Thursday, August 12, 2010

Pretty Dead


A slightly different version of the following review was first posted in a "Writing Children's Literature" online course I recently took from Western New Mexico University. There are no major spoilers in this review.

Pretty Dead is a short young adult novel by Francesca Lia Block, the popular (and, to some, controversial) writer of the “Weetzie Bat” books. Pretty Dead is narrated by Charlotte, a vampire who regrets her decision to become one because she feels so alone, having elected to leave William, the male vampire who created her. Out of boredom, Charlotte has returned to high school as a teenage girl, and has befriended a young couple named Emily and Jared. Charlotte is devastated when Emily apparently commits suicide, and is so distracted by Emily’s death that she barely notices when she herself begins to exhibit symptoms of becoming a mortal human once again.

I read this book because I have enjoyed much of Block’s writing in the past, and I was curious to see her take on the vampire fad. I usually find her writing to be sensual, free-spirited, and compelling. I was curious as to whether Block had anything new to say about vampires, but I’m afraid I found this story to be very clich├ęd. I couldn’t help but think of Pretty Dead as a cross between one of Christopher Pike’s less successful books and you-know-who’s angst-ridden Twilight series. In particular, I was annoyed that Charlotte and William had experienced so many historical events first hand. I felt it was wildly unrealistic, for instance, that they were present at the nuclear bombing of Hiroshima in 1945. Block later offers a weak explanation as to why William seemed drawn to troubled spots, but I really don’t think two European/Caucasians could have passed as tourists in Japan at the height of World War II, no matter how attractive they were.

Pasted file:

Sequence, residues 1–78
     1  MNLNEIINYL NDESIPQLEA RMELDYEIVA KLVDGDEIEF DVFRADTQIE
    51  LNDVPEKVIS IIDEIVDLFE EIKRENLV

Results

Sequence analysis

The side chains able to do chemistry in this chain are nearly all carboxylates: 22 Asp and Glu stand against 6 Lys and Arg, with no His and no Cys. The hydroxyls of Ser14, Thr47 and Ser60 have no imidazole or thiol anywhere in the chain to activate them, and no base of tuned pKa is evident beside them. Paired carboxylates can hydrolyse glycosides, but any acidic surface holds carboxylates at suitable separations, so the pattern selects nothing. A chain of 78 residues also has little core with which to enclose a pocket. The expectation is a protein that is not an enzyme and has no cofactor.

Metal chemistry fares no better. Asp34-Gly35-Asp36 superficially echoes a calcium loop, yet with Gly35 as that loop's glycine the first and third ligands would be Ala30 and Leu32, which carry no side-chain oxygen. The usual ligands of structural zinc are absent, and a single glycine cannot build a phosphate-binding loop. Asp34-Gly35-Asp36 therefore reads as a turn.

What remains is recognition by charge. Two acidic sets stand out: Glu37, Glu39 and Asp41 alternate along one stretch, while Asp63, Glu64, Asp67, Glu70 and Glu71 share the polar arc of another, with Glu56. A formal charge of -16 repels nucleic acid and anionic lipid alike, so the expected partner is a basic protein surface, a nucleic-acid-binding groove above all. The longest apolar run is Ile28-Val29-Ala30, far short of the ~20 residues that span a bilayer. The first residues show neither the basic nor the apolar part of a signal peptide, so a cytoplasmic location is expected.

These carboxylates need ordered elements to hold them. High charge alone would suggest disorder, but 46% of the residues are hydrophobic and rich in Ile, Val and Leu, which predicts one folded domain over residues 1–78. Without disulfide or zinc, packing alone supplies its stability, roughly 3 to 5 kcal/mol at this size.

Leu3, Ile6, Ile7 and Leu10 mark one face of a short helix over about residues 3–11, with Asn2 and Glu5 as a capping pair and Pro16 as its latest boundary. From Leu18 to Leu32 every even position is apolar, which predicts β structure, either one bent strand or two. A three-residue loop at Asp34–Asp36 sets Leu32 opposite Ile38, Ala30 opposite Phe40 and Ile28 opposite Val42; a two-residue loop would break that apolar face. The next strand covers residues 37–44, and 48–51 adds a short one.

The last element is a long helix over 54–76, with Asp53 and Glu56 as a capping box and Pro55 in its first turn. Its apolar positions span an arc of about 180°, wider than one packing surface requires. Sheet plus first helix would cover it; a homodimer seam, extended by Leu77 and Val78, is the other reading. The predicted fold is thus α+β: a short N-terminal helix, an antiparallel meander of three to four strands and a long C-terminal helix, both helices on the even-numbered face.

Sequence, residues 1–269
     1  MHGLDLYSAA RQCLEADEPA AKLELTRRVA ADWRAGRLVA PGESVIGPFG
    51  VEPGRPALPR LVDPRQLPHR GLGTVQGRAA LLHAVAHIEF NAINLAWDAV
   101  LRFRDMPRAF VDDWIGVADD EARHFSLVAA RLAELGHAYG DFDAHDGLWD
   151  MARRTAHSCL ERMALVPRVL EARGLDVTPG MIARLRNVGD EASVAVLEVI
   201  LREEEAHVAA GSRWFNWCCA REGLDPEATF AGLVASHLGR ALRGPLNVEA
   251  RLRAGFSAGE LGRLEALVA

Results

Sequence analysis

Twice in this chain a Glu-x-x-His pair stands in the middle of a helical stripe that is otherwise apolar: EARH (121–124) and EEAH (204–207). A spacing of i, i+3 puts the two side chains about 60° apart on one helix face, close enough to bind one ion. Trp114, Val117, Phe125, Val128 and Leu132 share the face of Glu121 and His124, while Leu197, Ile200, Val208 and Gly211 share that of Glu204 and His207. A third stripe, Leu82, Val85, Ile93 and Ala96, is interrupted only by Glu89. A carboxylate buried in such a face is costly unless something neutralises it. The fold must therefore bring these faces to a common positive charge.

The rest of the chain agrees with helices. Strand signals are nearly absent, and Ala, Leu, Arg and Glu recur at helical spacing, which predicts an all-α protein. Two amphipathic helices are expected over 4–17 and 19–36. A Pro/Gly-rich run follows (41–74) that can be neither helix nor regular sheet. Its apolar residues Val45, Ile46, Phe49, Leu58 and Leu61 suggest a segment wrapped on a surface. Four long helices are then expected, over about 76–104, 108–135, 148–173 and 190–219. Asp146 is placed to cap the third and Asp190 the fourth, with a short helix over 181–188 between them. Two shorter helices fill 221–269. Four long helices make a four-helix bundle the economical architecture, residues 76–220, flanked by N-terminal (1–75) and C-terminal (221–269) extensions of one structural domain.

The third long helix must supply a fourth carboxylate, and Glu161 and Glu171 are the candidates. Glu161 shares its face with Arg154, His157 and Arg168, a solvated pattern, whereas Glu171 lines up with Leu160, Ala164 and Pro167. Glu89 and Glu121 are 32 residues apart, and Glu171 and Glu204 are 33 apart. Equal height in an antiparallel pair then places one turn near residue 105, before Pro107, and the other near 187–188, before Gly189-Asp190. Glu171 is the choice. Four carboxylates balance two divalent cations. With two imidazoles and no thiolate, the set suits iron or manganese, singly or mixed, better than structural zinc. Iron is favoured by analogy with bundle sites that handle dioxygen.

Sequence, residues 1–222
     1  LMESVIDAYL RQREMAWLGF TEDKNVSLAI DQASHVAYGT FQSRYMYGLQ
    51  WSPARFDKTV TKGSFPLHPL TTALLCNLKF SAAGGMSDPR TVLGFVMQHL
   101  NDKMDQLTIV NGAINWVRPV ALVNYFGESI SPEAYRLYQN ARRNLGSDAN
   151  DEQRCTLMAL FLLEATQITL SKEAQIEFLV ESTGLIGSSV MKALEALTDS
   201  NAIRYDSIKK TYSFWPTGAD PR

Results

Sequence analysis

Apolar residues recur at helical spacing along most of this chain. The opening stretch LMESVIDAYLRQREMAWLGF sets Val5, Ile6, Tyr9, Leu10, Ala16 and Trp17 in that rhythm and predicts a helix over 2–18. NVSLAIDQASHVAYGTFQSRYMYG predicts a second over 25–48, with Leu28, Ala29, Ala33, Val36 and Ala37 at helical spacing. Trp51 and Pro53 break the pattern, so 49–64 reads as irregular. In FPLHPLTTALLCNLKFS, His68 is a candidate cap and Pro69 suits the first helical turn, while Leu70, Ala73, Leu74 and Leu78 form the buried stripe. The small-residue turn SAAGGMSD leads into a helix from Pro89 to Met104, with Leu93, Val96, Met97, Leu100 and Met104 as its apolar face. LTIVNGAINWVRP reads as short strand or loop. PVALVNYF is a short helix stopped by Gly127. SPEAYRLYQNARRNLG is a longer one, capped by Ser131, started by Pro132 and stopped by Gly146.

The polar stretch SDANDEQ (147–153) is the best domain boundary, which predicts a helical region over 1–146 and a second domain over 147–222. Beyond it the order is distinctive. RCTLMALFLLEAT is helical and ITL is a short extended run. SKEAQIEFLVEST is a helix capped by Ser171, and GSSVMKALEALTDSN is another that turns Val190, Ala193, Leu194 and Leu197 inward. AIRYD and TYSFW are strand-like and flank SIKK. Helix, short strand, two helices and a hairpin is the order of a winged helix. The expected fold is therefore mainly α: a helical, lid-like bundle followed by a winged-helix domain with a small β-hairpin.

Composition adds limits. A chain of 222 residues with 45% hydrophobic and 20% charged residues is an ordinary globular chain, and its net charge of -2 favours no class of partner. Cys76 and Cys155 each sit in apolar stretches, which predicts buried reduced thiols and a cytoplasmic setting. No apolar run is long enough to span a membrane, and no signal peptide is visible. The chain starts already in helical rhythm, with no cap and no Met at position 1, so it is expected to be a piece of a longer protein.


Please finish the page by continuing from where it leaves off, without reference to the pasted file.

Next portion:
I also didn’t buy that even though Charlotte’s narration reveals her age, her outlook remains primarily that of a teenage girl, with the same sort of “end of the world” intensity that we often see portrayed in teenage love stories. Overall, this book felt to me like a cursory treatment of the vampire trend by an author who doesn’t really care.


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